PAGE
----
• Interesting to consider sciencedirect.com/science/article/pii/S0550321316301274, which claims that event horizons are prevented because of Hawking radiation. Commented Nov 13, 2019 at 13:31
• "when the falling observer has radial coordinate $r=2(M+m)$ an event horizon would form enveloping both observer and the white hole" - Wouldn't this process be gradual rather than abrupt? As the falling observer is approaching the horizon, the horizon is expanding toward the observer until they asymptotically meet at $r=2(M+m)$. Then, in any external coordinates, the falling observer will never cross the expanded horizon due to the infinite time dilation. If so, in which frame do you see the horizon "enveloping both observer and the white hole"? Thanks for your insight! Commented Dec 7, 2019 at 22:53
• Great answer but limited to one type of white holes defined as “a compact, long-delayed region of the big bang”. With the paper behind a paywall, the physical meaning of this is unclear. It these regions are compact and delayed, they are not FLRW-expanding and should become black holes on their own without anything falling to them. Even if somehow they become Oppenheimer-Snyder white holes, the logic of the “enveloping horizon” is flawed, so at least based on the abstract and description the linked paper doesn’t seem credible. Commented Nov 18, 2023 at 19:48
• To expand on why the “enveloping horizon” logic is wrong, when an object $m$ (let it be a small black hole for example) approaches a black hole $M$, the spacetime between them is curved stronger. Since the position of the horizon depends on the curvature, the horizon of $M$ expands toward $m$ until it “meets” $m$ at $r=2(M+m)$. No “enveloping horizon” forms outside of $m$. Here is a mathematically correct numerical gravity video: m.youtube.com/watch?v=Y1M-AbWIlVQ&feature=youtu.be - Finally, since the external metrics are the same, $M$ can be a white hole with exactly the same result. Commented Nov 18, 2023 at 20:32

In general, there is no gravitational attraction. GR defines no such concept - at least not in general. You have curved spacetime on which test particles move on timelike geodesics ("straight lines in 4D spacetime that go from past to future") and GR will tell you how is the spacetime curved. Sometimes, gravitation can be even repulsive as is the case near a black hole singularity of charged black hole, where there is repulsion proportional to charge of the black hole squared that acts on the neutral particles also (so we cannot interpret the repulsion as due to electromagnetic force and must admit, that repulsion is due to gravitational interaction)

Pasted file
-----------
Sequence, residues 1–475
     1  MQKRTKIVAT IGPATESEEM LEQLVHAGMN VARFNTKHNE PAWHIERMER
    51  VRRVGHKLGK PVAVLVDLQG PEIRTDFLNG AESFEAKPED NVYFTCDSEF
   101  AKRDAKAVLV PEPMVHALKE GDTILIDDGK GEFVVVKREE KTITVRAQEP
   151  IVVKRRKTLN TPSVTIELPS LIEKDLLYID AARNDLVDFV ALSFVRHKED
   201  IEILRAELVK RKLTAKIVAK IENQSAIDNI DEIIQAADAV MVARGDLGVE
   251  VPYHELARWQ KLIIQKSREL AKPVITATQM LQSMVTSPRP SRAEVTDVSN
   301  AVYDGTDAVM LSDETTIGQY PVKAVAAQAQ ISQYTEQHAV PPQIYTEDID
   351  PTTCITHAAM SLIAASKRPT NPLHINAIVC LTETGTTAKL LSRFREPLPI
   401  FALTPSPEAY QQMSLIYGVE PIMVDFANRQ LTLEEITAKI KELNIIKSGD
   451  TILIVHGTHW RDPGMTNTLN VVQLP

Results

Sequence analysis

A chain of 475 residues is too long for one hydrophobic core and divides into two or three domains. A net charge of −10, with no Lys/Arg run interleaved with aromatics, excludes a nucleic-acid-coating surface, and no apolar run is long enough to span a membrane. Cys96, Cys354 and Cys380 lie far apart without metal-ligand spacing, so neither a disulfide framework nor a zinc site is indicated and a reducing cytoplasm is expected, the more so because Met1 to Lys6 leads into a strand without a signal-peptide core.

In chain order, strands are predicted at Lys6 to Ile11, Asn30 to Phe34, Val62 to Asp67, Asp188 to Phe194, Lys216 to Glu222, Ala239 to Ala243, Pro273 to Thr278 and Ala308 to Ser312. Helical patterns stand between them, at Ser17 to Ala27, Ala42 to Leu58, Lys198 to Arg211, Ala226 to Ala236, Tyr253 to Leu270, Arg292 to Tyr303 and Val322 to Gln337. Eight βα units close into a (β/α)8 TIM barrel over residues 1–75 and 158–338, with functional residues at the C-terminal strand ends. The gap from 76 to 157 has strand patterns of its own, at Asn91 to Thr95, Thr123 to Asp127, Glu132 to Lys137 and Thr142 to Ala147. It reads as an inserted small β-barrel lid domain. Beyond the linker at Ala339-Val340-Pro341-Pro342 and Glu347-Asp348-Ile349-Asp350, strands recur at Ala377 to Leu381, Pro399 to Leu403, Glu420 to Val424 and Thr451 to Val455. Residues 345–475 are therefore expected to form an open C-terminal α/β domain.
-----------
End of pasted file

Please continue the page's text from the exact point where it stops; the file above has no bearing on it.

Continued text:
Moreover. The point of white holes - at least those i came across studying simple black holes - is that they live in the past. You can think about them as the singularities from which universe started. Therefore, it makes perfect sense you cannot fall into them, since for that you would need to go back in time. But if i am wrong in this case and there are different white holes that do not offer themselves for this interpretation, i would be happy if (the reader) could let me know in the comment.

• (1) “there is no gravitational attraction. GR defines no such concept” - It is defined as the gravitational acceleration in the coordinates of a remote observer. The direction of the acceleration defines attraction vs. repulsion. (2) “white holes - at least those i came across studying simple black holes - is that they live in the past” - This is only one specific type based on the maximally extended solution, which is unphysical. You also can take a regular Schwarzschild solution and reverse it in time to obtain another type of white holes that can exist in the present and future. Commented Nov 18, 2023 at 17:18